Driving out of Manchester, the radio on low, I wondered why no one had yet to question me about Uncle Eli’s will. Of course, in the aftermath of the death and mourning, it might have escaped peoples’ minds, but I was still waiting for someone to come to me and demand to know why Eli had left a house to me; the youngest of his adopted nephews who had only seen him at Christmas family gathering.

I wanted to push it from my mind as I got on the motorway and my old car started complaining about being made to do sixty and above. It began to sleet too and though the Sunday afternoon traffic wasn’t that bad, things started to slow down. I turned the radio up and kept my eyes on all my mirrors.

When I finally got off the motorway, I followed the signs for Lytham Saint Annes. Then the next lot of directions were misleading and it took me awhile to find the house. Pulling up outside the place which looked like a nineteenth century fish man’s cottage, I cut the engine and got out. Eli’s house stood separated from the cottages around it, which were in much better care with their front gardens well kept and the paint on the walls looking fresh.

I took a deep breath and smelt the salty sea, we were very close to the coast and I could see the sea down below. I could hear it too as the waves were crashing heavily onto the cliffs and wall defenses. The wind blew around me, bring the chill of the sea water and also the early December freeze into my face. With the sleet still falling and threatening to turn into snow as the sky darkened, I walked up the pathway to the house.

There was no gate or fence, just a little patch of scrub land that made a square shape before the front step and small paled blue door. The house was whitewashed, but the paint was grey now and peeling. Two small windows were on either side of the door, the paint long gone from their rotting wooden frames. The curtains were drawn tight as if to keep questioning eyes away. Above those windows were two more and they were also curtained.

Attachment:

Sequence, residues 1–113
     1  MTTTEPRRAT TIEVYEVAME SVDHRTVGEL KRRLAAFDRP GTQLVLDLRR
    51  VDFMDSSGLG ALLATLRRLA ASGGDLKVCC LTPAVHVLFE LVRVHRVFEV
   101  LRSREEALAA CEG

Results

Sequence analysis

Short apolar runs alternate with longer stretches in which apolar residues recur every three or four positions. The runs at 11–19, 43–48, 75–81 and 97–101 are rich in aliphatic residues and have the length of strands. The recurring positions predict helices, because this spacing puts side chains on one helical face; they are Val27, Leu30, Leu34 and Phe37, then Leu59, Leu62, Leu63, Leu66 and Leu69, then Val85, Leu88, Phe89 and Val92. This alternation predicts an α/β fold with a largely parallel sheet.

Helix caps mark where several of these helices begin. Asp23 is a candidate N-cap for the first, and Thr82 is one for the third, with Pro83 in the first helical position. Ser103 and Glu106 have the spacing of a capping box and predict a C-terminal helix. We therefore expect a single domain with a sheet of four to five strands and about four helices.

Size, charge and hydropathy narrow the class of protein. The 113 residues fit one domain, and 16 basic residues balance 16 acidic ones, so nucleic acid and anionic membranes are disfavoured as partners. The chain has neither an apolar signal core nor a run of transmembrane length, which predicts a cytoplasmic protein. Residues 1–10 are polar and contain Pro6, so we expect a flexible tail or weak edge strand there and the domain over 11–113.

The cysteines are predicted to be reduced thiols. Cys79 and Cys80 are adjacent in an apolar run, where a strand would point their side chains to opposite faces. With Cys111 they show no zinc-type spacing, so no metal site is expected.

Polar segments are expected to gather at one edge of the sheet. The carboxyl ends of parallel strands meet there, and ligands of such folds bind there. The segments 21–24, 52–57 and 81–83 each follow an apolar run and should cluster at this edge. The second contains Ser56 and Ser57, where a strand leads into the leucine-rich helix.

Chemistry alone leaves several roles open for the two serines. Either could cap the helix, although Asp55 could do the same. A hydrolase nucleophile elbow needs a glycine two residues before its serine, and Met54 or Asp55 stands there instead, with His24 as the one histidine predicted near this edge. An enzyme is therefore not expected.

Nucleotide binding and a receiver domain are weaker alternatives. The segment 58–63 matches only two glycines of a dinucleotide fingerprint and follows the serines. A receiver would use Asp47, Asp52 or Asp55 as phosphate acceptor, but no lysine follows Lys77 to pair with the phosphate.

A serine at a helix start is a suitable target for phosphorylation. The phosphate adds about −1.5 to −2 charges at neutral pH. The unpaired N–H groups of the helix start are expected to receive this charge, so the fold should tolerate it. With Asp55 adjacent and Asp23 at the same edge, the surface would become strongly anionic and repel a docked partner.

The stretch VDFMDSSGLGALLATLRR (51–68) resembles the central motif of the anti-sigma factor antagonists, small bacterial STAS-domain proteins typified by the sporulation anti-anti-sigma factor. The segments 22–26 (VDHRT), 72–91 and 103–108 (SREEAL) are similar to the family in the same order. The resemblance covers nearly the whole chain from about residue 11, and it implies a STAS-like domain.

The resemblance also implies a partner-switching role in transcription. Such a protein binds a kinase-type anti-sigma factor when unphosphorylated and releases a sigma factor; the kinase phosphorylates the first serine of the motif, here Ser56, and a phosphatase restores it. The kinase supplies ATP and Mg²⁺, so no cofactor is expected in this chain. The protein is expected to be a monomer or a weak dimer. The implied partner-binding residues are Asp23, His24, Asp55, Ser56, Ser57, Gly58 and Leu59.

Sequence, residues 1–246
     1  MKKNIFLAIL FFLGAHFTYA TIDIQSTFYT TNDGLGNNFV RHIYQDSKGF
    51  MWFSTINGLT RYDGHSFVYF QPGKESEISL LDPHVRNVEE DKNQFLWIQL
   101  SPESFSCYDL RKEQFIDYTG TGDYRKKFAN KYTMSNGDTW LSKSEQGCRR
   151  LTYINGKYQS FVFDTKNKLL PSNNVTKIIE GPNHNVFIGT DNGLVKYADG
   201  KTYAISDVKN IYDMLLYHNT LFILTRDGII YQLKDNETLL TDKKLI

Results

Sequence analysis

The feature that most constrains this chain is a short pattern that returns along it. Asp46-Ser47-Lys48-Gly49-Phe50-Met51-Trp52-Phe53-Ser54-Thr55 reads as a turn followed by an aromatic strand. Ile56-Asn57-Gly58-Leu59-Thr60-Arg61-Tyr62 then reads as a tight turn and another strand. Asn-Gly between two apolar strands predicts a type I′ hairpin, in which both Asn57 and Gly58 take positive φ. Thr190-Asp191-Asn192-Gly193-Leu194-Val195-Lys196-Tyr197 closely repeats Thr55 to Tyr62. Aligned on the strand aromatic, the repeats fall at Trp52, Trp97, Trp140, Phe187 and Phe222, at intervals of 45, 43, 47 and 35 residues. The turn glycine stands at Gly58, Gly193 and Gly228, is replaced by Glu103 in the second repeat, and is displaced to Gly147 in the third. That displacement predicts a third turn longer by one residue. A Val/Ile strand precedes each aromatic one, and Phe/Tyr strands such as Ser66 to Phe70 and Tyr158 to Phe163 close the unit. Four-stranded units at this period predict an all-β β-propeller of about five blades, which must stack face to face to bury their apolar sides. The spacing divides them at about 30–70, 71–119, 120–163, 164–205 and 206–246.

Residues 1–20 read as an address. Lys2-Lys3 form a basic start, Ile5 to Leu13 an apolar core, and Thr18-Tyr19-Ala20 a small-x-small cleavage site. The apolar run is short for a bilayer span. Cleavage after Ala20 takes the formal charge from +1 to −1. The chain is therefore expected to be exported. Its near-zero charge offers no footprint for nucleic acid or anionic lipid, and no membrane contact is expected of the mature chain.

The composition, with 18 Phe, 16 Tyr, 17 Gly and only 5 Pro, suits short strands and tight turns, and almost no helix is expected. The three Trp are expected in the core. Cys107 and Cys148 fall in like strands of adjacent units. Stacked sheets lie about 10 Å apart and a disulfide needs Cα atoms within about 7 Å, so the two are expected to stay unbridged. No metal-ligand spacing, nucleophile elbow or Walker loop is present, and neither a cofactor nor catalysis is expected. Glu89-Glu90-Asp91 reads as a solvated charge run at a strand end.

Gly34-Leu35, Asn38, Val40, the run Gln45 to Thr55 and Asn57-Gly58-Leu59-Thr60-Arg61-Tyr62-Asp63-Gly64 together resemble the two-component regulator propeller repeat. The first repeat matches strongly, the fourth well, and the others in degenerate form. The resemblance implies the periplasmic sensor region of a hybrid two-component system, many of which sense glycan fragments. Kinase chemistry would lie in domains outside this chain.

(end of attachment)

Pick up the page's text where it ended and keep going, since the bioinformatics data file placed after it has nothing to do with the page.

Reaching the door, I took the key from my pocket, easily fitted into the lock and stepped inside Uncle Eli’s mysterious little house.

It was dark inside and I fumbled along the wall for a light switch. Not finding one, I dug my phone out of my jeans and awoke the screen. Using that glow, I searched again and found a really old fashioned flick switch poking out of the dated wall paper close by. Pulling it up, a light came on above as the wind decided to shut the door behind me. I jumped and spun at the loud banging sound.

Catching my breath, I made sure the door was shut and locked behind me. Then I looked around the short hallway. It was normal enough; the yellowed wall paper had a flower print on it, the floor was wooden and so were the stairs in front of me. There was nothing in the hallway but two closed doors where on either side and a door-less room ahead. The air smelled like a mixture of things; the sea, damp, mold, old dusty things.

I walked forward and to the room at the end. It was a small kitchen and it seemed for the last few years had been little used. There was no fridge or freezer, only one of those old fire ovens against the wall to my left. There was a metal sink, a few cupboards and work tops which were empty but for a kettle with a mug next to it. There was a window and a back door but both were boarded and nailed shut from the inside.

I went back into the hallway and looked further around, but there was nothing else and no indication to when anyone was here last. I went to the door on my left and tried the old turn knob handle. There was a squeak and I had to shove the stiff door hard to open it, but even then it only opened halfway. A little slice of light from the hallway leaked in, however the darkness was too great.

To Be Continued…

 

Boots (Part 2)

Silhouette, Bokeh, Man, Out Of Focus, Fig, Bent, Black

The soft knocking on the door disturbed Faith. She rolled over, still half asleep and whacked her hand into the pillows on the other side of the bed. Moaning, she lay there for a few moments, but then the knocking got louder and she forced herself up.

‘Hello?’ she called in a tried voice.

‘It’s only me, Miss,’ the voice of Faith’s maid, Mary, called through the door.

‘Come in.’

The door creaked opened and the young woman shuffled in carrying a large jug. She was dressed in a typical black dress with a white frilled apron. Her dark hair was tied up under a white cap, allowing too much of her rosy face to be seen. Mary walked across the room and over to a bowl by the window. Tipping the jug gently, water splashed down and into the bowl. then placing the empty jug down, she moved to the wardrobe.

‘I heard something last night,’ Faith said as she slide from the bed, ‘it sounded like a man pacing the hallway. There seemed to be no one there though. You wouldn’t know anything about that would you?’